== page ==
So this morning I was searching the news and found a fun little article on the Telegraph website, entitled bodly:
After a quick read I have determined that a more appropriate title would be:
‘THE IRRATIONAL CHRISTIANS NEVER PRESENT A FAIR ANALYSIS OF A SITUATION, AND INSTEAD JUMP TO ACCUSATIONS OF RELIGIOUS DISCRIMINATION’
Or there should at least be a little disclaimer in there. But of course, the writer of this ridiculous anti-atheist tirade is entitled to express her opinion, and in response, I’m going to express why she’s wrong.
So she opens her article by explaining that:
‘Celebrating a holiday in Britain is like trying to celebrate it in an unhappy family. The best-laid plans for reviving much-loved traditions quickly blow up in an almighty row. There’s no embarrassing uncle in his cups or stroppy in-laws; just schools that drop Nativity plays, shopping centres that phase out carols, and offices that shun Christmas trees. When Christians meekly complain that their Christmas is being ruined, the powers-that-be shout them down: “It’s in the name of diversity, stupid!”’
..whilst not actually pointing to any examples of where this has happened. I personally know of no atheists that would like to see Christmas disappear, and whilst for many it has lost its religious significance, indeed it is a tradition that many of us have grown up with, that is very close to our hearts; not least because it gives us all time off work, is an excuse to get PRESENTS, and is one of the rare times of year that families can all get together and let their hair down. Having said all that, if someone wants to protest Christmas or other religious holidays, then they are entitled to do so, and I honestly don’t care if it upsets people. After all, it seems that what this woman is saying is that atheists should shut up and submit to what Christians say for no good reason. Surely there’s a double standard going on here? Sorry Cristina, but your rights end where others’ begin. I’m all for religious freedom, as this is what allows me to express my atheism. I for one would hate to live in a country where people risk hefty fines for ‘crimes’ of blasphemy, and face being cast out by their families or even being murdered for simply not accepting the existence of a deity.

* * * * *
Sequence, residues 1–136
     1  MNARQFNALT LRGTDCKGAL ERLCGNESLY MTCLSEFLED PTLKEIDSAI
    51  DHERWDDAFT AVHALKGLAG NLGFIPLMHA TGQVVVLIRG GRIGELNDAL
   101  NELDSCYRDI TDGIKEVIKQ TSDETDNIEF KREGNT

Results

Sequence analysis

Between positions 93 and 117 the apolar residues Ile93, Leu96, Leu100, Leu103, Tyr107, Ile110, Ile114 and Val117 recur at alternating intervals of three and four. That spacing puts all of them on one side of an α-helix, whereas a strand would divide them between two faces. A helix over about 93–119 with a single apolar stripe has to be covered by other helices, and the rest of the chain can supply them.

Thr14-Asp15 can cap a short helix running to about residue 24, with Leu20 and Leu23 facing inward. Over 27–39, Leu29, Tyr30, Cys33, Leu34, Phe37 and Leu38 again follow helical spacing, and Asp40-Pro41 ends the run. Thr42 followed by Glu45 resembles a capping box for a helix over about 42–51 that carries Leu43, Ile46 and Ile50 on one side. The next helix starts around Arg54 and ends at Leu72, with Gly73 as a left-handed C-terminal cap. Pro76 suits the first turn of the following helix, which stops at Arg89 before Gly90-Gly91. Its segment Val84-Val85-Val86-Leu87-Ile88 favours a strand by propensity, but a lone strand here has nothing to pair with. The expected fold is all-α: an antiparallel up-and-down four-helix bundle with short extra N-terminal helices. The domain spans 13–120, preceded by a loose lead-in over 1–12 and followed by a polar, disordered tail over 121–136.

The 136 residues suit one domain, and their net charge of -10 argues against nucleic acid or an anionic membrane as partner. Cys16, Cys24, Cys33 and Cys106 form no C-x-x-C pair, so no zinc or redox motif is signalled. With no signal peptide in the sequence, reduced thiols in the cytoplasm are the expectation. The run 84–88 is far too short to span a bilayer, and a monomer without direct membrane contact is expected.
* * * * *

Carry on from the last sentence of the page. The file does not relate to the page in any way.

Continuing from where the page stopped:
But to the main point of the article:
‘Now there’s a new rumpus, and just in time for Easter. The Wakefield and District Housing Association in West Yorkshire has ordered one of its electricians to remove a palm cross from the dashboard of his company van. *Colin Atkinson, a grandfather and former soldier, faces the sack for refusing to follow orders.’
*not too sure why that part is relevant to her article…
The first thing to point out is that on the large scale of things, this really has absolutely nothing to do with Easter; she is just using this case as an excuse to atheist-bash, when there is actually no evidence to support her claim that the company boss (pictured right) is an atheist at all. Secondly, company policy prohibits employees from displaying personal items in the company’s vehicles. Thirdly, the company is completely within its rights and within the law to demand that he removes the cross, and if he doesn’t he should absolutely face disciplinary action. This is called consistency.
The law states that:
Discrimination on the grounds of religion or belief is prohibited by the Equality Act 2010. Under the Act, it is unlawful for an employer to:
(a) directly discriminate against an employee by treating him or her less favourably than it would treat others because of religion or belief; and
(b) indirectly discriminate against an employee by applying a policy/provision, criterion or practice that disadvantages employees of a particular religion (unless the employer can objectively justify that policy).